Q & A: If I rewrote Harry Potter with changed names and narration, but still used the same plotlines and worlds, does that still count as plagiarism?

I’m glad you asked! The answer is an extremely qualified “It depends”. You just described two fairly common practices, one of which is (somewhat) socially acceptable, the other is not.

When fans write fiction based in the world they admire or want to be a part of, they’ll often introduce original characters into an established world. If one is writing fan fiction, they acknowledge it is fan fiction based on the work of another author, and do not attempt to profit from said fan fiction then technically it is not plagiarism, even if they include phrases from the original work. The keys to avoiding plagiarism in this instance are profit (or lack thereof) and credit (or lack thereof).

While we’re on the subject of fan fiction, some authors don’t mind it, while others really dislike the practice. So the acceptability factor depends on the author. Most authors discourage fan fiction simply because the time spent writing fan fiction could be used to establish their own stories, characters and worlds, so it’s not a great idea no matter what.

If someone changes the name or point-of-view but otherwise leaves the story alone, they try to earn money (or credit, if they’re writing it for a school project) from this effort and they try to claim it as an original work, then absolutely it’s plagiarism. And considering that they’re working on one of the best known universes in modern fiction, it’s a bit silly besides.

There are two somewhat exceptions to this. For example, right after Star Wars came out Del Rey published a really funky novel called “Splinter of the Mind’s Eye”.

It’s a pretty amazing adventure with Luke, Leia, a fog shrouded planet and Darth Vader. Written by Alan Dean Foster, it has all the trappings of Star Wars except… it never happened. It’s not fan fiction either. It turns out this was sort of a back-up plan just in case Harrison Ford didn’t sign for future films. As time went on Star Wars actually incorporated certain elements into the plot. So even though Alan Dean Foster was working in a world created and owned by Lucasfilm, he was paid to write this at a time when the universe was just being formed and the expanded universe wasn’t even a gleam in George’s eye. Because it was a sanctioned work it’s not considered plagiarism.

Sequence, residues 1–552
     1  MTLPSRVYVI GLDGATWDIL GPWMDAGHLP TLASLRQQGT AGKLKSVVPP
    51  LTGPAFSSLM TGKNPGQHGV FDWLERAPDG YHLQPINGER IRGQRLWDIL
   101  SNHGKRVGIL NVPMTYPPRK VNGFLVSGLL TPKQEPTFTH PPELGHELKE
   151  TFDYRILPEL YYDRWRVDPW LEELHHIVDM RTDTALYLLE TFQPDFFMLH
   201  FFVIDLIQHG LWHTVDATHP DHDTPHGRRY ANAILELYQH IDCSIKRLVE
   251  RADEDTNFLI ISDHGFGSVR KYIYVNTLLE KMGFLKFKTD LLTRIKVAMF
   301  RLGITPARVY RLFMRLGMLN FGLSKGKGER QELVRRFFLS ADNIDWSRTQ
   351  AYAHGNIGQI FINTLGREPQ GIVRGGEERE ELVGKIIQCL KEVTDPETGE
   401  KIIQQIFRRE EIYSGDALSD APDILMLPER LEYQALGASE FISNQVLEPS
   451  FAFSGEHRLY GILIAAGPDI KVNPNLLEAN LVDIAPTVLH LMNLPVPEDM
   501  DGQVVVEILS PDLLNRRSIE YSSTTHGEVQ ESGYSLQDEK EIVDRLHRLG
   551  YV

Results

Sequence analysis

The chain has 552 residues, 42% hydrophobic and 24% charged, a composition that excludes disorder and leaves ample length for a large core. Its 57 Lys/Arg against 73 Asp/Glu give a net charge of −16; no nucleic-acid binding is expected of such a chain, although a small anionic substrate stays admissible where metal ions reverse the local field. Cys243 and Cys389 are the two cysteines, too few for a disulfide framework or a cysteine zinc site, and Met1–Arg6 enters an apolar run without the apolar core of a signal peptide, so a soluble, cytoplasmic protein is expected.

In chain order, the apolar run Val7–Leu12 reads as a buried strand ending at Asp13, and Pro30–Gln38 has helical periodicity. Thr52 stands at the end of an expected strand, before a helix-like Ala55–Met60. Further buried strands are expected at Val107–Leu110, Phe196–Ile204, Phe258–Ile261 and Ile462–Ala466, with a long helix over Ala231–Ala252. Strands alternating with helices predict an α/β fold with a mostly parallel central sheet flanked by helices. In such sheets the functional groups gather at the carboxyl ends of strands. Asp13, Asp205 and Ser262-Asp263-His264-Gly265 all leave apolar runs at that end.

The other exception is based on a work that is in the public domain. A good example of this is the book “Wide Sargasso Sea”.

This is the story of Charlotte Bronte’s famous “Jane Eyre”, but told from the point-of-view of one of the supporting characters. The story is (more or less) the same, but the point-of-view and narrative is changed. The story was written in 1966. Had it been written today, I suspect it would have been considered fan fiction and no one would have paid for it. As it was, the book has enjoyed a steady publication history.

The story “Wicked” is similar – a retelling of the Wizard of Oz from the point-of-view of the Witch. Since the original has long since been in public domain there was no legal claim to make against the characters or world, and the story was original enough for the public to embrace it.

I personally have a few ethical qualms about books like “Wicked”, but legally they can not be considered plagiarism. The same can not be said of any take on the world of Harry Potter, to it’s really a moot point. Harry is subject to some of the strongest copy writes in the industry – so really, don’t even try it.


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